Like the increasingly popular "escape rooms" — in which players solve a series of puzzles to break out of a room — Breakouts  use a compelling story, time limit, and series of puzzles to create an interactive game. But instead of breaking out of a locked room, students must work together to break into a tightly locked box before the timer runs out. Puzzles lead to the combinations for the different types of locks, and many games also include a digital element.
Why should I use Breakouts?
There are many benefits to using Breakouts. These include:
- Adaptability. Breakout kits  consist of reprogrammable locks, meaning that each kit can be used for hundreds of different games.
- Curriculum connections. Games can be created for specific content areas and used to reinforce skills and concepts being taught in everyday classroom instruction. They can be used to introduce a new unit or to wrap up and test comprehension at the end of a unit. They can even be used as team-building exercises for faculty and staff.
- Student-centered learning. Breakout games are completely student-centered and transfer the ownership of learning and applying that learning onto the student rather than the teacher. Teachers only act as facilitators — the rest is up to the students.
- Suitable for all age groups. Games have been created for elementary students all the way to adults, and more are being added every day.
- Develops the 4 Cs. Each game requires students to use collaboration, communication, critical thinking and creativity in order to succeed.
- Teaches the value of failure in a safe way. Students will not always "break out," and that's ok. If the combination they tried didn't work, they see that it is OK to try again until they get it right. Using reflection questions at the end of the game also helps students pinpoint where they could improve and use those lessons the next time they play.
- It's fun. Let's face it — the games are just fun to play.
Breakouts in my library
At my school, we use Breakouts in three ways: in the classroom, as library programs and this summer, as the theme for a weeklong day camp.
- In the classroom: I have a total of four Breakout kits that I can lend to teachers to use in their classrooms. This has started off slow, but it's picking up traction as teachers see how much their students enjoy it. If I see a game that matches what teachers are working on in class, I'll approach them and offer to help them pull it off. I've also held example games for teachers so they can see how it works.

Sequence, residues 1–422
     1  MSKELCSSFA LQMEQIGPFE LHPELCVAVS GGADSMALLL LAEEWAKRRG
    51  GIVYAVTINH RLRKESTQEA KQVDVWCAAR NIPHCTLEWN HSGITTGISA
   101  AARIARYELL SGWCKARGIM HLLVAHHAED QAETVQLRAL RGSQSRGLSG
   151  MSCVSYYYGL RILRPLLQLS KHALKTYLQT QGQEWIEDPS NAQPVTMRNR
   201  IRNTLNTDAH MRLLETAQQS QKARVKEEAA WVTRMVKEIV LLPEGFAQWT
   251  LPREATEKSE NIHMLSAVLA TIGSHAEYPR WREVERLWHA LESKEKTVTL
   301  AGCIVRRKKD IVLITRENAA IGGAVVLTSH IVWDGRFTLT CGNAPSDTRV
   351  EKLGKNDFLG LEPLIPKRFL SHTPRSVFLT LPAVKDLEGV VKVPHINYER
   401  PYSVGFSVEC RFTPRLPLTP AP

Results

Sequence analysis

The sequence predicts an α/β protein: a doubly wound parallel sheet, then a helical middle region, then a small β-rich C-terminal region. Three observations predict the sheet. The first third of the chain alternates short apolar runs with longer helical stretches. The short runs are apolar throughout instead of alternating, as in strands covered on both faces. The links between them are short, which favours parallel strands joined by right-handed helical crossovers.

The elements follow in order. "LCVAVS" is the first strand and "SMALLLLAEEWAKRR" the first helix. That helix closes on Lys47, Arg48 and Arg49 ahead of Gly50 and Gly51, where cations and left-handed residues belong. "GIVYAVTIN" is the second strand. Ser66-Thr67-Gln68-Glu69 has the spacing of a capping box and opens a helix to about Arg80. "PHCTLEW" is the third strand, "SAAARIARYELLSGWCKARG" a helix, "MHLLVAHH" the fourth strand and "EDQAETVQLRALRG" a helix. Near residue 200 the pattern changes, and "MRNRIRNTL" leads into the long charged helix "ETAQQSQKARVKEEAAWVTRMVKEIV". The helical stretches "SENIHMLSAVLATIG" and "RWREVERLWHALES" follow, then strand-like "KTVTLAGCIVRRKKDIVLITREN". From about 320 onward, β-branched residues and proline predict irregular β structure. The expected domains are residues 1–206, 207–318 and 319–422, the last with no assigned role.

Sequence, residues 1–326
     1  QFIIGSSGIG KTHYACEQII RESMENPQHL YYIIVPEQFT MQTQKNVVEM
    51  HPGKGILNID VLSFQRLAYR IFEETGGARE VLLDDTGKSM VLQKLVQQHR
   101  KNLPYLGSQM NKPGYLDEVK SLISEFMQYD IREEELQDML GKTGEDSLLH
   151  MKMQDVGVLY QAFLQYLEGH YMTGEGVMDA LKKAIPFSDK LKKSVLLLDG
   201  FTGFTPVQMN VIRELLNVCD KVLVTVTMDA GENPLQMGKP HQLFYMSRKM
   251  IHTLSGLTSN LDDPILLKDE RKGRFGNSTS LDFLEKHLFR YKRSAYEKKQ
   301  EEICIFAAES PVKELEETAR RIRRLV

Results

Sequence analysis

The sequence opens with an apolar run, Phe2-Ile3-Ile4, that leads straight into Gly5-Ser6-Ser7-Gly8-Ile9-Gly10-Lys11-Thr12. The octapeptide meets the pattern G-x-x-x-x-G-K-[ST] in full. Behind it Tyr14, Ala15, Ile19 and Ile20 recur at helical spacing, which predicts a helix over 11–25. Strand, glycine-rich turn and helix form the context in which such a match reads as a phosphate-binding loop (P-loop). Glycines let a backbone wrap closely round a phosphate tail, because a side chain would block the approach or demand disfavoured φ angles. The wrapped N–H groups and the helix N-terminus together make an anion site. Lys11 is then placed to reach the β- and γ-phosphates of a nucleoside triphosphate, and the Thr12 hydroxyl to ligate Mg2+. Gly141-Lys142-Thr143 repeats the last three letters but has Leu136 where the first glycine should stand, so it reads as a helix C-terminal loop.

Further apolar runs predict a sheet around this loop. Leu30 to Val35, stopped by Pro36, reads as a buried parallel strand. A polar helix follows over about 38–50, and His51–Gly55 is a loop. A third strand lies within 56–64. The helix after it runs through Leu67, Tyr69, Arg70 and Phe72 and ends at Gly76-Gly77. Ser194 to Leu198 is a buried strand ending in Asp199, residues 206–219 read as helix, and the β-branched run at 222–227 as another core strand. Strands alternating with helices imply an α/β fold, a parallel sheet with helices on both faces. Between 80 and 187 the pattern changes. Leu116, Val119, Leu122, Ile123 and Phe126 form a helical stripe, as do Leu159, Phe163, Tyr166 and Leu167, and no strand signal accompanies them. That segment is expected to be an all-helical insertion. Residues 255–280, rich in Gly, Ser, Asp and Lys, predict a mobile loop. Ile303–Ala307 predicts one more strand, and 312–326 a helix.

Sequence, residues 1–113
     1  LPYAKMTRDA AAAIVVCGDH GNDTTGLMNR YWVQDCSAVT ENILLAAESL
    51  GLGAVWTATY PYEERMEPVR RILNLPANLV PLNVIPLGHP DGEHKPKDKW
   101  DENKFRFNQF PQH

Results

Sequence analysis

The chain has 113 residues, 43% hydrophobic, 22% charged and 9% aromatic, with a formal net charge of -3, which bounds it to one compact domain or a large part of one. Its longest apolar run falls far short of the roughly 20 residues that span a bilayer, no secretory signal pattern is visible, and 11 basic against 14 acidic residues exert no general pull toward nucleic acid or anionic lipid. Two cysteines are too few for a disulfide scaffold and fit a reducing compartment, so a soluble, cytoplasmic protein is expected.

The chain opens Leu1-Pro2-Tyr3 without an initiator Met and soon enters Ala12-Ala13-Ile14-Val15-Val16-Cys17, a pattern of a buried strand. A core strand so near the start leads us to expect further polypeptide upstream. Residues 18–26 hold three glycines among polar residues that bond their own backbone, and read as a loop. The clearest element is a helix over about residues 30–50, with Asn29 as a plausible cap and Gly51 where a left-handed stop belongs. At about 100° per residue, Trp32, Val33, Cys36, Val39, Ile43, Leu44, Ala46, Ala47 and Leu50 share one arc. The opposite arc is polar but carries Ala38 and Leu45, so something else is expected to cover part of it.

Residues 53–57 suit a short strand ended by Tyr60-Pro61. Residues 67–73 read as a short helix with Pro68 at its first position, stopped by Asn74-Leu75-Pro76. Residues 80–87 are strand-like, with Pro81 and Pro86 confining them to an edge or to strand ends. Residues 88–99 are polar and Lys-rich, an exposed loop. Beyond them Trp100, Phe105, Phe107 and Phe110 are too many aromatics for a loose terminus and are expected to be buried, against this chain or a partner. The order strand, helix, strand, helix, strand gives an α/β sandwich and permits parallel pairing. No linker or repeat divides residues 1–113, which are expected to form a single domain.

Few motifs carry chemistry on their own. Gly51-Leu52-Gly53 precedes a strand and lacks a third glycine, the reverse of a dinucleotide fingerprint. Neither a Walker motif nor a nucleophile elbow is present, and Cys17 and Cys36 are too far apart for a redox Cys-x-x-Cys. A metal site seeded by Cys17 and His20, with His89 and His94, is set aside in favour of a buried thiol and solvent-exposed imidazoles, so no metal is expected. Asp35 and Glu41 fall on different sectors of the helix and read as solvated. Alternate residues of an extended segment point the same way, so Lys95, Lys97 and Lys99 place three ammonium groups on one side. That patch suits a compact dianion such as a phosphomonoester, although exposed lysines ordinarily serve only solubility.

- In the library: Once a week, I have Breakout day in the library for my middles schoolers. I shorten games to last only 15 minutes instead of the usual 45, and students come for half of their lunch period to play. I change the game every month so that plenty of students have the opportunity to try each game. When they successfully "break out," they get a sticker, which also helps to market the program. This would also be a great after-school activity, and next fall, I'm planning to create a library orientation game for my new sixth graders.
- Summer camp: This summer, we will have our first ever Breakout camp as part of the school's summer camp offerings. Along with playing plenty of Breakout games, campers will also work in small groups to create their own games.
- Get a kit. You can purchase a kit with all the necessary pieces from Breakout EDU,  but you can also create your own by purchasing individual locks and boxes from Amazon or other stores. Just make sure that all your locks are reprogrammable.
- Or try a digital game  first. There are a number of digital-only Breakout games that follow all the same principles of Breakout, but don't require spending any money. These can be a great way to introduce students to the concepts and game flow.
- Pick a game. The Breakout EDU site has over 300 games that are ready-made for you to play, with more being added everyday, and each has a set-up video to walk you through the game's logistics. Games are password-protected so students can't just Google the answers, but it's free to register for access . I'd also recommend starting with a game that is easier than you think you need to get students used to the process.
- Just play. The best way to learn is just to do it.
- Breakout EDU 
- Breakout EDU Facebook Group  — a place where facilitators from all backgrounds and levels share advice and resources
- Breakout EDU Brings “Escape Room” Strategy to the Classroom | SLJ Review